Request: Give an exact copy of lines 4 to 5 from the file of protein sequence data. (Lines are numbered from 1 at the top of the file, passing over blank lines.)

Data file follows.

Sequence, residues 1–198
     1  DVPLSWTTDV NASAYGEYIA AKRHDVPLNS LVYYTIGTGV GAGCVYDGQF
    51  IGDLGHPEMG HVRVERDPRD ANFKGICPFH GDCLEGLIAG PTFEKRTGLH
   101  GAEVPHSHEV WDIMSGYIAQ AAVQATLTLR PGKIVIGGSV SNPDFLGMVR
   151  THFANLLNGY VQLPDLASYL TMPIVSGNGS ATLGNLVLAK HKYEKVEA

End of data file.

   101  GAEVPHSHEV WDIMSGYIAQ AAVQATLTLR PGKIVIGGSV SNPDFLGMVR
   151  THFANLLNGY VQLPDLASYL TMPIVSGNGS ATLGNLVLAK HKYEKVEA